Since 1930, the National Pan-Hellenic Council (NPHC) has served as a premier organization for African-American fraternities and sororities. The NPHC was founded at Howard University to support black college students who were searching for a voice, community, and shared identity as they pursued their education. This organization played a vital role in uniting black collegiates as they fought for equal rights and fair treatment under the law, and today the NPHC continues to bring young men and women together as they honor the history, traditions, and values of their Greek organizations. The NPHC currently has nine members and these Greek organizations are commonly referred to as “The Divine Nine”.
The Divine 9 Black Greek Letter Organizations:
Alpha Kappa Alpha Sorority Inc. (AKA)
Alpha Kappa Alpha was founded in 1908 at Howard University to encourage its members to aspire to the highest levels of scholastic achievement, service, and friendship. As the oldest of the original NPHC Greek organizations, AKA has 105,000 chapters and 290,000 sorority members. The sixteen women who started AKA in Washington D.C. could never have imagined that their organization would become a vital part of college life in Japan, Germany, the Virgin Islands, and thousands of campuses across the United States.
Alpha Phi Alpha Fraternity Inc. (AΦA)
Alpha Phi Alpha was founded in 1906 at Cornell University in New York. AΦA is more than a Divine Nine member: it is the first black intercollegiate Greek fraternity in the nation. Its members have fought for civil rights and social justice through segregation, apartheid, the AIDS crisis, and multiple wars, and civil rights leaders like Martin Luther King, Jr. and W.E.B. Du Bois were proud members of the fraternity. AΦA now has 730 chapters and 290,000 members across the world, and the Greek organization continues to support charitable initiatives like Head Start, Project Alpha, and Big Brothers Big Sisters of America.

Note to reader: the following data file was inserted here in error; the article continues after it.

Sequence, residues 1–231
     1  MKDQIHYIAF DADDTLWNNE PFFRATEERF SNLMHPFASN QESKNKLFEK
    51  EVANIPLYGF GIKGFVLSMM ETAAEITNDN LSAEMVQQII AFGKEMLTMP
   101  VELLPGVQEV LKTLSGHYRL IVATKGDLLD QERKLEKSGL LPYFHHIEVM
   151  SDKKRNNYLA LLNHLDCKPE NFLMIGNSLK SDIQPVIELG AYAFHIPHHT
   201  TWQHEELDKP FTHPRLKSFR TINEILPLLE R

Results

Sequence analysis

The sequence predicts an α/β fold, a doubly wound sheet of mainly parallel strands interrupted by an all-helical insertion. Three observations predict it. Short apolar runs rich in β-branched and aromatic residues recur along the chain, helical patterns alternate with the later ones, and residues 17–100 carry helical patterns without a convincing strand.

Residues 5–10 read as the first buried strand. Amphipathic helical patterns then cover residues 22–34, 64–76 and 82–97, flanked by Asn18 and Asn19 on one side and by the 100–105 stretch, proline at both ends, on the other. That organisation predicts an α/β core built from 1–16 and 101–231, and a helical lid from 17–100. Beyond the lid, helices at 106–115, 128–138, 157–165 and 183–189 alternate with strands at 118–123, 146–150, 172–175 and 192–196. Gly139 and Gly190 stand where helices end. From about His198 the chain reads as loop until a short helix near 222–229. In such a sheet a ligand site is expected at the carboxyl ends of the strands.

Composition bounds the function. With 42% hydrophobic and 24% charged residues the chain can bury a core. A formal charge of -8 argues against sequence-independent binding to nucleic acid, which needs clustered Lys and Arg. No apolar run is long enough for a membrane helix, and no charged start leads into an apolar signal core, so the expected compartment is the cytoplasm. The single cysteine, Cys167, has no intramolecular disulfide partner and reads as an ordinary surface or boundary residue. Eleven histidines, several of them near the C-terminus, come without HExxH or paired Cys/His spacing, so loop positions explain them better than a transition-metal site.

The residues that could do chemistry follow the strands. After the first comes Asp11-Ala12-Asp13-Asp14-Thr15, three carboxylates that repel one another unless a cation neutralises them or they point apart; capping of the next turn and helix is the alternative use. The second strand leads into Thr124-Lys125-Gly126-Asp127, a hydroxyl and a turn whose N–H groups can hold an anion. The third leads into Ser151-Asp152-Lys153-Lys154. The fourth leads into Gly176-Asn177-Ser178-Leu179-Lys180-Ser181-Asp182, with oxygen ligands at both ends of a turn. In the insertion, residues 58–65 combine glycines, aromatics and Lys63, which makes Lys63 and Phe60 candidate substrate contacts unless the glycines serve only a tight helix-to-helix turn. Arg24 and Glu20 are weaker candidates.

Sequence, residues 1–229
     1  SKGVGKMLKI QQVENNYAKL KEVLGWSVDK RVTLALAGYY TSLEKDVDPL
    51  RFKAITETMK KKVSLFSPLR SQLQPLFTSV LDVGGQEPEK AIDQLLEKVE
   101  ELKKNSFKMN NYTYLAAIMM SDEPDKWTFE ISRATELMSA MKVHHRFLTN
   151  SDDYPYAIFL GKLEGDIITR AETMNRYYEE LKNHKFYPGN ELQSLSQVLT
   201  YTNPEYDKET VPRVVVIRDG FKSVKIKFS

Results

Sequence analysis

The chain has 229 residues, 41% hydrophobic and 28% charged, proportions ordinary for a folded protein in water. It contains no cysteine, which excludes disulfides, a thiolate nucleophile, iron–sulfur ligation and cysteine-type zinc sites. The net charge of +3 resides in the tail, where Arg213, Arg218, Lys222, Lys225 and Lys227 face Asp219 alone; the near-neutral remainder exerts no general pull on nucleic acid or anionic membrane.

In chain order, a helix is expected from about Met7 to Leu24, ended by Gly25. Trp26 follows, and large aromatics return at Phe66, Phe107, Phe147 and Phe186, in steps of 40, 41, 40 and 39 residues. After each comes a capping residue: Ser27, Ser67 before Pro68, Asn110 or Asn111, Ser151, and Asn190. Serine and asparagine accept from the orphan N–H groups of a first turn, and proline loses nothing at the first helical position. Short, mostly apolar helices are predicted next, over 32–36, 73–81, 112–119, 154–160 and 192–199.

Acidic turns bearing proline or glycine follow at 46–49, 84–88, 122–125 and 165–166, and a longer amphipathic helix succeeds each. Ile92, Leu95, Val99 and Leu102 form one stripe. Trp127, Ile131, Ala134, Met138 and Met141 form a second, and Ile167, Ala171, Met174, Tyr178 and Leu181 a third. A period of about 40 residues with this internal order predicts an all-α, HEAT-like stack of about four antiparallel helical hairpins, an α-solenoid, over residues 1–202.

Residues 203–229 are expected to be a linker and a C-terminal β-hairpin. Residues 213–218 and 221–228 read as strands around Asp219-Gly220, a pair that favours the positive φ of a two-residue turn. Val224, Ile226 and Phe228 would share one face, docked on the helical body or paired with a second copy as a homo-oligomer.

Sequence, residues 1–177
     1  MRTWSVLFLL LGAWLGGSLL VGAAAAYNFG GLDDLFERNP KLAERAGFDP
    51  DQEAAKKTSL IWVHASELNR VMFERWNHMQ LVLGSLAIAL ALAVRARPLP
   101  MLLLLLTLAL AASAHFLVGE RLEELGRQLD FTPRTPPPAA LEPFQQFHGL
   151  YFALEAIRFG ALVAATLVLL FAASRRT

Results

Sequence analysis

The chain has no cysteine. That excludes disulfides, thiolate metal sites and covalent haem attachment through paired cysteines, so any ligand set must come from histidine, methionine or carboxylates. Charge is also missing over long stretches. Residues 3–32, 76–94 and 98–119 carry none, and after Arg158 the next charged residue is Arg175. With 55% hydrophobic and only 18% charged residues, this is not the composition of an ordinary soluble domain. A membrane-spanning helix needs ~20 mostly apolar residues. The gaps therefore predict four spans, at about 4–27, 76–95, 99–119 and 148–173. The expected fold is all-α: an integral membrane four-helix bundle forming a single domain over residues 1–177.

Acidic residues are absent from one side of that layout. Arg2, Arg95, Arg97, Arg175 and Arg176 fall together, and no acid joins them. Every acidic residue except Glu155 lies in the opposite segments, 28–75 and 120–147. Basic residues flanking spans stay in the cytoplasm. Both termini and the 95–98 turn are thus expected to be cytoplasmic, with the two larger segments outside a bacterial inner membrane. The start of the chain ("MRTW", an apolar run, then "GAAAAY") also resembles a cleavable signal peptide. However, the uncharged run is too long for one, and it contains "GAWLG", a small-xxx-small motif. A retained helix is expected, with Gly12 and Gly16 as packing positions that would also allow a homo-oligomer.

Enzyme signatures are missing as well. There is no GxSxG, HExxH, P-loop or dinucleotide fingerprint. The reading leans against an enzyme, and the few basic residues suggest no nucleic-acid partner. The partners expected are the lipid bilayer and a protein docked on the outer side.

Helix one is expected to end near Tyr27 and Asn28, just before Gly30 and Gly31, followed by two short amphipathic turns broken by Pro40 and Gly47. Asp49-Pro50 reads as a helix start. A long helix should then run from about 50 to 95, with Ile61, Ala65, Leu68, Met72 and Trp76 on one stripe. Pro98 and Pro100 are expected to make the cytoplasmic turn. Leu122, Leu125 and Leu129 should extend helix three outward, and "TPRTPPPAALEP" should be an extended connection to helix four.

Kappa Alpha Psi Fraternity (KAΨ)
Kappa Alpha Psi was founded in 1911 at Indiana University, and in 1930 the fraternity joined NPHC as a member organization. Although KAΨ was founded as a predominantly African-American Greek organization, it has always been an inclusive fraternity that invites members of all races and nationalities. KAΨ’s motto is “achievement in every field of human endeavor”, and its members continue to live up to their creed by supporting organizations like Habitat for Humanity and the United Negro College Fund. KAΨ is also known for its step shows: the “Kappa Kane” and “cane stepping” have been some of the fraternity’s most popular traditions since the 1950s.
From Our Sponsors – Get 15% off all Fraternity & Sorority merch from the GreekGear superstore. Use code GRk15.
Delta Sigma Theta Sorority (ΔΣΘ)
Delta Sigma Theta was founded in 1913 at Howard University, and since its inception the sorority has been actively involved in civil rights and women’s suffrage campaigns. ΔΣΘ participated in the Women’s Suffrage March on March 3, 1913, and it is currently a member of the National Association for the Advancement of Colored People (NAACP) and the National Council of Negro Women (NCNW). ΔΣΘ is also involved in several charitable initiatives, including the Go Red For Women Campaign and World Aids Day. Notable ΔΣΘ members include Shirley Chisholm and Loretta Lynch.